The Neolithic village of Skara Brae is located near the Bay of Skaill, 15 km North from the city of Stromness, on the west coast of Mainland island (Orkneys Islands, Scotland).
Thanks to the layer of sediments that have hidden and protected the village until 1850, the Neolithic village is kept in perfect conditions despite 5000 years of age (its origins predate the construction of the pyramids of Giza and Stonehenge) and it is considered today one of the best-preserved prehistoric villages in the world.
Capital and biggest city of Thailand, Bangkok holds the Guinness World Record for the longest name: his ceremonial name “Krung Thep Mahanakhon Amon Rattanakosin Mahinthara Yuthaya Mahadilok Phop Noppharat Ratchathani Burirom Udomratchaniwet Mahastan Amon Phiman Awatan Sathit Sakkathattiya Witsanukam Prasit” means “City of angels, the great city, the city of eternal happiness, the impenetrable city of God Indra, the magnificent capital of the world equipped with precious gems, the happy city, abounding in a great Royal Palace, which is similar to the divine house where reincarnated Gods reigns, a city blessed by Indra and built for Vishnukam”
Boundless, hot, smiling and animated by a vibrant nightlife, Bangkok has been elected by the magazine Travel + Leisure the “best city in the world in 2008”.
Don’t miss to taste the typical street food and watch a ping-pong “match”…
Defined by a correspondent of the Frankfurter Zeitung the most beautiful street in the world and by Winston Churchill the eighth wonder of the world, the SP 38 road, well known as Strada della Forra, is a panoramic route located along the West coast of the Garda Lake, in Italy.
The most spectacular point is the short track through the gorges formed by the Brasa river, crossing dark tunnels and overhanging rocks. In 2008, the SP 38 was the scene of a car chase starring Daniel Craig as James Bond in the movie Quantum of Solace and in the past of many other films and TV advertisements.
Built between 1908 and 1913, it is still considered one of the most spectacular roads of Italy.
Everyone knows Yellowstone, located in the northwest area of Wyoming, for bison, geysers, Yogi Bear and the beautiful natural formations, but one of the most fascinating aspects of this place is hidden under the ground: the Yellowstone caldera (volcanic crater formed after the collapse of an empty magma chamber) is one of the few supervolcanoes on the earth, formed after the Lava Creek eruption, approximately 630,000 years ago, and now located in one of the so-called earth’s crust hot spots, where the magma goes through the earth’s mantle and approaches the surface. The caldera measures approximately 50 kilometers long and 75 kilometers wide.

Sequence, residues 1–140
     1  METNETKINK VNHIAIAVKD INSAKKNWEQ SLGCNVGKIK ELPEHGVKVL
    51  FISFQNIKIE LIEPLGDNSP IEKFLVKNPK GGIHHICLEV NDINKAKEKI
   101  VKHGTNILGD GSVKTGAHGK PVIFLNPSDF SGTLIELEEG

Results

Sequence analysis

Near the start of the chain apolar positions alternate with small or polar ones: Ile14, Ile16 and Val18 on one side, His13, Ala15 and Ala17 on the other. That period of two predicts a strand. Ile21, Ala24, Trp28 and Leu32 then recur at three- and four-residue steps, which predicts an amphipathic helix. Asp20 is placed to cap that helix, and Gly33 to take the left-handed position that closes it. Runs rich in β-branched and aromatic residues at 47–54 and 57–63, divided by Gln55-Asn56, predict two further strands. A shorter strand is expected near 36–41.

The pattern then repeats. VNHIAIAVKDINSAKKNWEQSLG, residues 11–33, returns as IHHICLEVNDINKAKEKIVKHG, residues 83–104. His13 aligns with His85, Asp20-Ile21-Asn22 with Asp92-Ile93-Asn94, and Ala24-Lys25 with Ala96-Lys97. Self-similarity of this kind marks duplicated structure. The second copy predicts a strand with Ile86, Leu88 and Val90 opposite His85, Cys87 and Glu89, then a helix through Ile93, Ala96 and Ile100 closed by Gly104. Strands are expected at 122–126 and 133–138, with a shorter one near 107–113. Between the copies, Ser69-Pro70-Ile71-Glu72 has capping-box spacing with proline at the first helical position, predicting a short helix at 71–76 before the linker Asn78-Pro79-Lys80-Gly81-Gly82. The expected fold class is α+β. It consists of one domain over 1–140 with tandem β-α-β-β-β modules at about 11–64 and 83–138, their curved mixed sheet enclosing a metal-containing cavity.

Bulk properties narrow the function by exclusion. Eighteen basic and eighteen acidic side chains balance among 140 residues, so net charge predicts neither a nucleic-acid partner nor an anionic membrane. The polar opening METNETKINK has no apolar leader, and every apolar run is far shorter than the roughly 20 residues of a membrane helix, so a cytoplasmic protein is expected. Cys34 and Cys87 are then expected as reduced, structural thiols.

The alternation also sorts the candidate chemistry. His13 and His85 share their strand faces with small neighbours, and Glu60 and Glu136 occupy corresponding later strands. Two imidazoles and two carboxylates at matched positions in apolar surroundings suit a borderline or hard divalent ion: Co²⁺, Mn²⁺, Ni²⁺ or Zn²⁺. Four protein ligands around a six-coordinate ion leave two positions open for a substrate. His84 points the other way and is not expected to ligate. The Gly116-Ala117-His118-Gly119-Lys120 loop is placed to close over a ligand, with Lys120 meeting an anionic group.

It is supposed that the destructive potential of the Yellowstone caldera is thousands – maybe millions – of times higher than the atomic bombs dropped on Hiroshima and Nagasaki during World War II.
A 22° halo (known also as moon or solar halo) is an optical phenomenon, forming a circle with a radius of approximately 22° around the moon or sun, produced by reflected/refracted light interacting with millions hexagonal ice crystals suspended in the cirrus or cirrostratus clouds (troposphere, 6-13 km high).
No light is reflected towards the inside of the ring, giving it the impression of a big hole in the sky. As the sailors say, when the 22° halo appears in the sky, a storm is approaching.
In clear sky conditions the view of this phenomenon is spectacular: the one in the photo (taken in Thaba-Tseka, Lesotho) is a lunar halo, much rarer than the solar halo.
Sir William Wallace (1270-1305) was a Scottish knight, member of the lesser nobility and the main leader during the wars for the independence of Scotland. He became the national hero and the symbol of the Scottish people’s freedom.
The execution of Wallace was one of the roughest of the history: after his capture by the English army (5th August 1305), on 23rd August 1305, at the Tower of London, he was stripped naked and dragged through the city at the heels of a horse, then he was hanged but released while he was still alive, eviscerated (his bowels were burned), beheaded and then cut into four parts.
His head was placed on a pike on the top of the London Bridge; his limbs were displayed, separately, in Stirling, Berwick, Newcastle and Perth.
William Wallace was the protagonist of Blind Harry‘s epic poem “The Wallace” (1479) and Mel Gibson‘s movie “Braveheart” (1995), winner of five Academy Awards. The English heavy metal band Iron Maiden dedicated to the story of Wallace the song “The Clansman” (1998) and the German band Grave Digger dedicated him their song “William Wallace (Braveheart)” (1996).
Known all over the African continent, the “big 5” expression refers to the five most dangerous animals at the time of hunting safari: LION, ELEPHANT, RHINO, LEOPARD and BUFFALO.
They all can be found in many African parks and reserves (particularly in South Africa, Botswana, Tanzania, Kenya, …) or, more simply, on the South African bills (with 380 Rand you will have them all).
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